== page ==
Monarch Butterfly

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The monarch butterfly is one of North America’s most recognizable species. This species’ population has dropped significantly in recent years, in part due to loss of milkweed, the food plant for their caterpillars.

The Peggy Notebaert Nature Museum of the Chicago Academy of Sciences teaches over 5,000 students and community partners through more than 200 workshops each year about monarch butterflies which emphasize the importance of creating monarch habitats, and fosters personal connections with this vibrant, recognizable insect.

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About the Monarch Butterfly

The beautiful monarch – with its bold orange, white spotted wings – is perhaps the most well-known North American butterfly. What may be lesser known is that this regal, yet delicate creature makes one of the most arduous voyages of any species, traveling as many as 100 miles per day and more than 2,000 miles during an annual migration from Illinois (or farther north) to their wintering grounds in Mexico. Monarch caterpillars feed exclusively on milkweed. This one, very specific plant is vital to their survival. Without ample access to this species in backyards, fields and waystations along the migratory path, monarchs will perish.

What are we doing to help?

Educators with the Peggy Notebaert Nature Museum offer more than 200 workshops each year focused on increasing awareness about the monarch’s migration and need for milkweed. Illinoisans can plant milkweed in their gardens to help feed these butterflies.

Biologist Dr. Doug Taron also cites climate change as a potential impact on the monarch’s survival, as their waystations in warmer areas of Mexico and Texas play a key role in the migration. The butterfly does well when Texas is green and lush during its migration season – but when its milkweed is dried up, it lacks the resources the butterflies need to survive.

Migrating Monarchs

Their migration cycle is what makes the monarch a unique species to North America. While there are several generations of monarchs over the course of the summer, the generation that emerges from their chrysalises in August will adhere to the following migration schedule:

In late August and September, monarch populations as far north as southern Canada begin their migration south to their overwintering sites in central Mexico.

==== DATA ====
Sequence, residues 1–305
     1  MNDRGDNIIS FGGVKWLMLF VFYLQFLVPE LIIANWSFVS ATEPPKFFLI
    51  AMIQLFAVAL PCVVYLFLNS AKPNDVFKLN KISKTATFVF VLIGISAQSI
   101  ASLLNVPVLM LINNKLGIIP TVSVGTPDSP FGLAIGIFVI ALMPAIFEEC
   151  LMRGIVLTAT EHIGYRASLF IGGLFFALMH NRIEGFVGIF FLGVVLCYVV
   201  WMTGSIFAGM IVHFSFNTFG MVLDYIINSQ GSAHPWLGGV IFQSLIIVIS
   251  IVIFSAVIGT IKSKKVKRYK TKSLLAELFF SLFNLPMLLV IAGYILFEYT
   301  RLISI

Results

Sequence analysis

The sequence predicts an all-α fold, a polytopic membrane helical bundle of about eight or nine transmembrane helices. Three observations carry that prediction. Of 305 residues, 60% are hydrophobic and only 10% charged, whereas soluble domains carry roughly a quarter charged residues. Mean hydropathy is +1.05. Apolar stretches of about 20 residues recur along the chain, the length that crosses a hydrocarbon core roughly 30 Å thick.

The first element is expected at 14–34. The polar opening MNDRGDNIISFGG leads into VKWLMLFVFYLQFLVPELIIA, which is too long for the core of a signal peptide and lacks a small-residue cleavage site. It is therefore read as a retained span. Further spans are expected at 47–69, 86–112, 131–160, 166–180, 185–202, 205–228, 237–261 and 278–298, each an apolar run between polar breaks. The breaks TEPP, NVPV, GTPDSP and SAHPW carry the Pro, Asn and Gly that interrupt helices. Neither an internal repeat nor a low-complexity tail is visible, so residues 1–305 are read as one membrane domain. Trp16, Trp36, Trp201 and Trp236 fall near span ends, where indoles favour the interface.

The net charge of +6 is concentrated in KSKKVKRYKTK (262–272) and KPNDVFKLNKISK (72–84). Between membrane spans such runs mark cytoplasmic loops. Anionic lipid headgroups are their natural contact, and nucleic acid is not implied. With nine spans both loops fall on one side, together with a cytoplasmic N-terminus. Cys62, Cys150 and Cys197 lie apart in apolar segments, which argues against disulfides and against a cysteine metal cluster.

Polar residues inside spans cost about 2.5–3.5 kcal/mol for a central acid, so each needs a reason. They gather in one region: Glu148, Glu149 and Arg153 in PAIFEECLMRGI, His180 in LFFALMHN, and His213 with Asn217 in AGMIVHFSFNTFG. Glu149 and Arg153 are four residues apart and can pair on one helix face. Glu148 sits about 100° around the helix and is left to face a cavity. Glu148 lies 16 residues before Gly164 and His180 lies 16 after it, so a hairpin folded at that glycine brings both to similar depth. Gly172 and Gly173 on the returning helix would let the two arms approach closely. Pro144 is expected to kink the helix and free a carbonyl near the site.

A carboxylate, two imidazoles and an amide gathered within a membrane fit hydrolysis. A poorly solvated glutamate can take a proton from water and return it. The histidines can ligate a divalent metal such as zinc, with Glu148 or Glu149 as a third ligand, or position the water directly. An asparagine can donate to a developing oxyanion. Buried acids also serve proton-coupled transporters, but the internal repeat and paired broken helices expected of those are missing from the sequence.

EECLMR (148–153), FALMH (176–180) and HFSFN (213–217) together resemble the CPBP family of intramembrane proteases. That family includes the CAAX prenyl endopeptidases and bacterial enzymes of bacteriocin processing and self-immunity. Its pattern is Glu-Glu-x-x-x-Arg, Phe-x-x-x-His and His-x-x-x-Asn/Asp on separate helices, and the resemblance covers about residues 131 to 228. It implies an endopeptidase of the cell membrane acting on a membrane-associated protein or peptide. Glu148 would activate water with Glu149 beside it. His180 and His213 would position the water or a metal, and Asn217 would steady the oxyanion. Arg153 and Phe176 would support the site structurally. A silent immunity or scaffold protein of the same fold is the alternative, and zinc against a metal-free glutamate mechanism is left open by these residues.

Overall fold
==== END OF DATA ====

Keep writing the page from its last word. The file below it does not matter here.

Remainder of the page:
Once the monarchs settle into their overwintering sites, they spend the winter roosting in the fir forests. They do not begin mating until early March – just before they begin their journey northward.

In March, the migration northward begins. When the migrating monarchs reach Texas, they lay eggs on milkweed plants and then die. The butterflies that lay their eggs in Texas each spring are the same individuals that emerged from their chrysalises the previous August. These eggs will hatch and complete their life cycle and begin flying northward. They reach the Chicago area by the end of May.

In most summers, there are three generations of monarchs in Illinois. Adults emerge in late June, July, and August. The caterpillars that emerge from their chrysalises in the late summer will also be a part of the generation that begins traveling to Mexico, thus beginning the migration cycle once more.

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How can I get involved?

Want to lend a helping hand to our local monarch butterflies? Here are four easy ways you can get involved!

  1. Plant milkweed varieties to provide ample host plants for monarch caterpillars. Adult monarchs lay their eggs on milkweed because milkweed is the only plant that the caterpillars will eat! Make sure they have plenty of food and habitat by planting milkweed.
  2. Provide food sources for migrating adult monarch butterflies. While monarch caterpillars can only eat one plant, adult monarchs can feed on nectar from any plant. Choose flowers that will bloom from late summer into fall to ensure that the traveling adults will have access to food on their long journey.
  3. Limit your use of insecticides and pesticides whenever possible.
  4. Become a community scientist volunteer and help spot butterflies. Currently, there are over 100 people counting butterflies on behalf of the Illinois Butterfly Monitoring Network each year. This data is informing conservation strategies for butterflies across the state.
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Meet the Expert

Doug Taron, PhD, is the Chief Curator Emeritus of the Chicago Academy of Sciences. He founded the Illinois Butterfly Monitoring Network in 1987, a volunteer organization that monitors the health of butterfly populations in nature preserves.

“The monarch is one of the most frequently encountered and recognizable butterflies in our monitoring program each year. We encourage Illinoisans to keep an eye out for its striking pattern in September when it nears the end of its migration cycle.”

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